I remembered this being the best Trek book I’ve ever read, and I was a bit concerned that I was remembering wrong. Thankfully, I was not.

Before I go any further with this review, I should mention that this book was written prior to the release of Star Trek: First Contact or the prequel series, Enterprise. As such, it now contradicts established canon pretty profoundly. Which is really too bad, because frankly, the picture painted in Federation is so much more vivid and interesting than either of those things.

Federation covers a lot of ground — its alternating segments are divided between the ill-defined-in-Trek World War III era (just prior to the Post Atomic Horror™), the original Enterprise just after the events of “Journey to Babel” and the Enterprise-D just after the events of “Sarek.” It weaves together a narrative that encompasses the founding of the Federation, the possible whereabouts of the immortal Flint from “Requiem for Methuselah” and the bringing together of the two Enterprise crews we know best. Sort of.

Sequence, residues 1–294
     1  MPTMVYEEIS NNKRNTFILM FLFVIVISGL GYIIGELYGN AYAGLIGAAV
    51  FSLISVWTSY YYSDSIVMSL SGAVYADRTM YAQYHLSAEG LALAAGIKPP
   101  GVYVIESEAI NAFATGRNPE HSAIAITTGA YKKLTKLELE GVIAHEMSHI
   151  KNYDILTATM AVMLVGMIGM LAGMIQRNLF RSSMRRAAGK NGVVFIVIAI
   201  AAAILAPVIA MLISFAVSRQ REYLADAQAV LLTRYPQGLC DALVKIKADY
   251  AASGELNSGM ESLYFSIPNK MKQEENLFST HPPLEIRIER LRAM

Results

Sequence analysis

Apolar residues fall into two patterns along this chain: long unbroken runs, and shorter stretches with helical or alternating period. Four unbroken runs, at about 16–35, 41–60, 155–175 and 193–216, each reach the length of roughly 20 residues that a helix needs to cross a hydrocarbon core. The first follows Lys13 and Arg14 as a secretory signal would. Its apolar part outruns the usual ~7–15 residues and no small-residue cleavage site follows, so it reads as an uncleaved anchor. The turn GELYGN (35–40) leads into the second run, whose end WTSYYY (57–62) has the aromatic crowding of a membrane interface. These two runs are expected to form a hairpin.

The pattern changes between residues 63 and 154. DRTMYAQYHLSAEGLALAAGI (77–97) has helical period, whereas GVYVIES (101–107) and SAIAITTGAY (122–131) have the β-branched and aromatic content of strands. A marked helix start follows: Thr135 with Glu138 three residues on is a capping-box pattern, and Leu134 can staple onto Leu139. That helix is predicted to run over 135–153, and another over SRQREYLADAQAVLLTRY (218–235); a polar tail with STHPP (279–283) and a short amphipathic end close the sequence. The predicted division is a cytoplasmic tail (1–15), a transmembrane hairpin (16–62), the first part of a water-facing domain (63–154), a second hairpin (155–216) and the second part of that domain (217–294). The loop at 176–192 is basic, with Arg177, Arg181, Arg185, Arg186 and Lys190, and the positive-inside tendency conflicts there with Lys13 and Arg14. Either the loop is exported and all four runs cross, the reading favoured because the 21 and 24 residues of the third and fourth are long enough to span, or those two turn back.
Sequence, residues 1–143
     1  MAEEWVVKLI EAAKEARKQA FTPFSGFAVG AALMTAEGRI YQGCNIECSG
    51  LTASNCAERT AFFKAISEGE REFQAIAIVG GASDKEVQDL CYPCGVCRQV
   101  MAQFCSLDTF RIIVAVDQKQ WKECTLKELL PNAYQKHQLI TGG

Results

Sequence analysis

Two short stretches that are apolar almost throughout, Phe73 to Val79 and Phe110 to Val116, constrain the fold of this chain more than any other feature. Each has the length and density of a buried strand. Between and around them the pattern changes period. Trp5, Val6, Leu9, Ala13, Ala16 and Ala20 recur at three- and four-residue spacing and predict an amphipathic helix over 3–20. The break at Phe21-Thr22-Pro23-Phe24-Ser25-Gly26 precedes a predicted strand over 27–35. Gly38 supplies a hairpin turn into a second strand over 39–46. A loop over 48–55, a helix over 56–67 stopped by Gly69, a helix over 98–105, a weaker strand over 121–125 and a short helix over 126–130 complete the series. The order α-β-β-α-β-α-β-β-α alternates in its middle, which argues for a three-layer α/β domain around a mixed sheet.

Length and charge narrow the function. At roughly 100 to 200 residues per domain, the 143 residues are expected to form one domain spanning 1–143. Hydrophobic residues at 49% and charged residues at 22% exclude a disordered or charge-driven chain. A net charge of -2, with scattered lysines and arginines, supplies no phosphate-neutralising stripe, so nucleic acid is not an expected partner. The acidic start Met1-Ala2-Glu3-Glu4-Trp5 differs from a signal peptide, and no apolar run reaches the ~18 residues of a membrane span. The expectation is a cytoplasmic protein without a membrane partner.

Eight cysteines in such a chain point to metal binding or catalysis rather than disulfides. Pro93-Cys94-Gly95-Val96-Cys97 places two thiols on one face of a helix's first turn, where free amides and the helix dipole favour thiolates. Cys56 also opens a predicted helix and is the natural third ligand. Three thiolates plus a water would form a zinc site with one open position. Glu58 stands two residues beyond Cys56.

I’m not going to lie to you — there’s a lot of fan service in this book. But if you can follow it (and I did on my first read, even before I was familiar with several of the TOS threads it was picking up on), it’s a pretty amazing thing. The Reeves-Stevenses really know their way around Trek history, and no character feels underused or misunderstood here. Kirk and Picard never meet face to face (spoilers, I guess) but they are linked together by powerful narrative and thematic connections.

Federation was written as a love letter to the franchise on its thirtieth anniversary, conceived as a sort of grand “opera,” in the authors’ words. For fans of the original series and Next Generation, you could definitely do a lot worse. And honestly, I’m not sure you could actually do any better.


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